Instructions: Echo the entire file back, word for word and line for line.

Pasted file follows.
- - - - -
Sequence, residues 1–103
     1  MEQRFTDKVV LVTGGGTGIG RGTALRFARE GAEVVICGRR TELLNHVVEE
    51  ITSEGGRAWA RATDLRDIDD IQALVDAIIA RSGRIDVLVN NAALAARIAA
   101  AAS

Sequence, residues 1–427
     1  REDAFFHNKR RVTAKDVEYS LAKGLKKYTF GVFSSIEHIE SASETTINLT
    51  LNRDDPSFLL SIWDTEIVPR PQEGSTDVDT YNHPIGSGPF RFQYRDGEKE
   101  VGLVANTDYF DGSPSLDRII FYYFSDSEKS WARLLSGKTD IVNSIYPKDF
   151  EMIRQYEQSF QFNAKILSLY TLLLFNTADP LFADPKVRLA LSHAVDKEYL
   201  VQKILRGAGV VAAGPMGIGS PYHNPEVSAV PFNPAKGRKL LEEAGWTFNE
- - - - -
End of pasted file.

Sequence, residues 1–103
     1  MEQRFTDKVV LVTGGGTGIG RGTALRFARE GAEVVICGRR TELLNHVVEE
    51  ITSEGGRAWA RATDLRDIDD IQALVDAIIA RSGRIDVLVN NAALAARIAA
   101  AAS

Sequence, residues 1–427
     1  REDAFFHNKR RVTAKDVEYS LAKGLKKYTF GVFSSIEHIE SASETTINLT
    51  LNRDDPSFLL SIWDTEIVPR PQEGSTDVDT YNHPIGSGPF RFQYRDGEKE
   101  VGLVANTDYF DGSPSLDRII FYYFSDSEKS WARLLSGKTD IVNSIYPKDF
   151  EMIRQYEQSF QFNAKILSLY TLLLFNTADP LFADPKVRLA LSHAVDKEYL
   201  VQKILRGAGV VAAGPMGIGS PYHNPEVSAV PFNPAKGRKL LEEAGWTFNE